Office of Justice Programs sent this bulletin at 07/27/2015 12:00 PM EDT
Title: Love One Another and Take Care of Each Other: A Process Evaluation of the Rocky Boy’s Children Exposed to Violence Project (pdf, 51 pages)
Author: Lama Hassoun Ayoub
Rocky Boy’s Children Exposed to Violence Project (RBCEVP) is informed by a commitment to culture as prevention. The program centers on the belief that reconnecting youth and families with the Chippewa Cree language, culture and traditions will influence children’s exposure to violence on the reservation.
One of the primary components of the RBCEVP is advocacy and case management. The RBCEVP staff several domestic violence/sexual advocates and child advocates. The advocates provide crisis intervention services, court and medical advocacy, development of safety plans, referrals to treatment and other providers, and traditional healing ceremonies.
Another major component of the project is community awareness and education. The RBCEVP utilized a variety of approaches to community awareness to spread the message about children’s exposure to violence and the resources that are available to children and families. Other components of the project include professional training for local partners as well as prevention work with youth in schools, including leading and supporting student groups in the local schools and holding summer youth camps for at-risk youth.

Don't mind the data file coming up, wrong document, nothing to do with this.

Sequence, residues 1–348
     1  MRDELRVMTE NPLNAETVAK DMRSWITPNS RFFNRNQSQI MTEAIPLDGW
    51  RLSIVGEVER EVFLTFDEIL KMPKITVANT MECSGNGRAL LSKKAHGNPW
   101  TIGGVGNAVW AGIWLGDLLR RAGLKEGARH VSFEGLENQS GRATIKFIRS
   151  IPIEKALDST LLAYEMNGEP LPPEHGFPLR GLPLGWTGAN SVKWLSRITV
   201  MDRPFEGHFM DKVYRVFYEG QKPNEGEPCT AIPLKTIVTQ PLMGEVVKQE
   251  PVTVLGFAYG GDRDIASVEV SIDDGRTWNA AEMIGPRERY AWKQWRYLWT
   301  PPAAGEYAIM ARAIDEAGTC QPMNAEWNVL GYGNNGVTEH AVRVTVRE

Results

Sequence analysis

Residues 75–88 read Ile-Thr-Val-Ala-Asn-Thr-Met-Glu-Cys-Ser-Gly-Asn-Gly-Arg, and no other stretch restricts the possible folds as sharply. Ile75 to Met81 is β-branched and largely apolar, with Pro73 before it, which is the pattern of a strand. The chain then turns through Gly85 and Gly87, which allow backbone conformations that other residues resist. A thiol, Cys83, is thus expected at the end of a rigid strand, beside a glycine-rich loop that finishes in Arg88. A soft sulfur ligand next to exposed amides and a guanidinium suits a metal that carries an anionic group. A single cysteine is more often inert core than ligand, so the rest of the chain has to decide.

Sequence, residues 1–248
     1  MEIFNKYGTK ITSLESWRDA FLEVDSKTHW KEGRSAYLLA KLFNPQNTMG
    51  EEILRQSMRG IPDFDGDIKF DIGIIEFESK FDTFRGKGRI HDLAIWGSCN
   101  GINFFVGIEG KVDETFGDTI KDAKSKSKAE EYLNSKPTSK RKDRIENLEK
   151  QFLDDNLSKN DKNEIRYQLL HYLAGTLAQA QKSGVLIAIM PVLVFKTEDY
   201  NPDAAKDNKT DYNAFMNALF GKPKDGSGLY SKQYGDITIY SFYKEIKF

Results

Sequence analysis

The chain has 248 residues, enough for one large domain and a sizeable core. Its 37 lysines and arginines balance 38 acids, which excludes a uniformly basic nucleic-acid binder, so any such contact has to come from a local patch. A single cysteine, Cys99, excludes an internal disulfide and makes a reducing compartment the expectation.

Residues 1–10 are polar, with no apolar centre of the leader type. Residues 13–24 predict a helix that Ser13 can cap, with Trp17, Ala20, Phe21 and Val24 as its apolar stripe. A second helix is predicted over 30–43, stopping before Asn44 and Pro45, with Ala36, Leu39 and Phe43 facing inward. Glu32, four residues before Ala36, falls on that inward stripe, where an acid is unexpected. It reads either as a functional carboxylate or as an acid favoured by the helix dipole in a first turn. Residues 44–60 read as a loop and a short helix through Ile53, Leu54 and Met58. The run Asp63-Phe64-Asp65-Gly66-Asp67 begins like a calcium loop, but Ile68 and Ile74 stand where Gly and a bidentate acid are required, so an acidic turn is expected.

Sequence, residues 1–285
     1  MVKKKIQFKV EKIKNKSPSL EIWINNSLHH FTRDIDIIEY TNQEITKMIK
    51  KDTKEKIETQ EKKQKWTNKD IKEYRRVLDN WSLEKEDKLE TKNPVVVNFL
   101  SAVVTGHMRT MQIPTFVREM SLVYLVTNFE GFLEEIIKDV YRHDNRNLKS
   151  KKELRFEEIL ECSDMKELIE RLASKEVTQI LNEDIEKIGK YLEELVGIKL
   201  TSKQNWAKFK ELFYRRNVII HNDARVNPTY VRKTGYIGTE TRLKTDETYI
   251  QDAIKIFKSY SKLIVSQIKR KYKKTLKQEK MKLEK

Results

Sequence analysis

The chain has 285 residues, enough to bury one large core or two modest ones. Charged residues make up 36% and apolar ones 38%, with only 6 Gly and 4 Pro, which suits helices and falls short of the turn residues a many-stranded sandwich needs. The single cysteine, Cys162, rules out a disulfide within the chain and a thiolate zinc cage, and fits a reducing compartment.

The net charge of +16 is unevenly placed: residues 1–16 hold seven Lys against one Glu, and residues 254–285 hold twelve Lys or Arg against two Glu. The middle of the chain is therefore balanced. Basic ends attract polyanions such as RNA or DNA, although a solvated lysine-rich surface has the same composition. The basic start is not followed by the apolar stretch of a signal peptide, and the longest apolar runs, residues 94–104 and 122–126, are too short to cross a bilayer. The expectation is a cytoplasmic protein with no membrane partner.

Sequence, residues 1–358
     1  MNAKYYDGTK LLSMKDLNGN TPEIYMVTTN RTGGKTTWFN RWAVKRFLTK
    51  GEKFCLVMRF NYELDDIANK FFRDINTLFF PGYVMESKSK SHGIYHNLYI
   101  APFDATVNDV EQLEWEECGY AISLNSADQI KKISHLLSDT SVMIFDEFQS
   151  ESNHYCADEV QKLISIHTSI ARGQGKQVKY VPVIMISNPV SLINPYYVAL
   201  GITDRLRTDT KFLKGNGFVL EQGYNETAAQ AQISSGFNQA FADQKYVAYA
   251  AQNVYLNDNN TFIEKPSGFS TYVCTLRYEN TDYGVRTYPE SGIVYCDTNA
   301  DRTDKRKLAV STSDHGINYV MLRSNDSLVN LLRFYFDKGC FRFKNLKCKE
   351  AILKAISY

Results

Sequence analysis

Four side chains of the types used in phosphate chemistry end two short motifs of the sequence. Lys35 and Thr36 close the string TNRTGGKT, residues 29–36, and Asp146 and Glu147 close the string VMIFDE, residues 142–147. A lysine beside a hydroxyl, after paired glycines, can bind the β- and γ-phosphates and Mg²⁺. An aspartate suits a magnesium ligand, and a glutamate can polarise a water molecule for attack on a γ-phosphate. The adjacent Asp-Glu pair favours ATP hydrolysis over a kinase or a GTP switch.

Despite some staff turnover and challenges, Rocky Boy’s Children Exposed to Violence Project produced important accomplishments: 1) bringing a strong advocacy program to the reservation and providing victims with assistance; 2) providing prevention programming and support services to Rocky Boy’s youth; 3) providing greater access to training for local service providers; and 4) raising community awareness about children’s exposure to violence through concerted awareness campaigns.
Throughout this work, the RBCEVP staff have infused a culture-based approach and have reinstilled a focus on Chippewa Cree language, spirituality, and tradition, reflecting the strengths of traditional culture as a protective factor. By helping youth and community members improve their connection to their culture and the Chippewa Cree way of life, they could be impacting children’s exposure to violence in ways that are difficult to measure.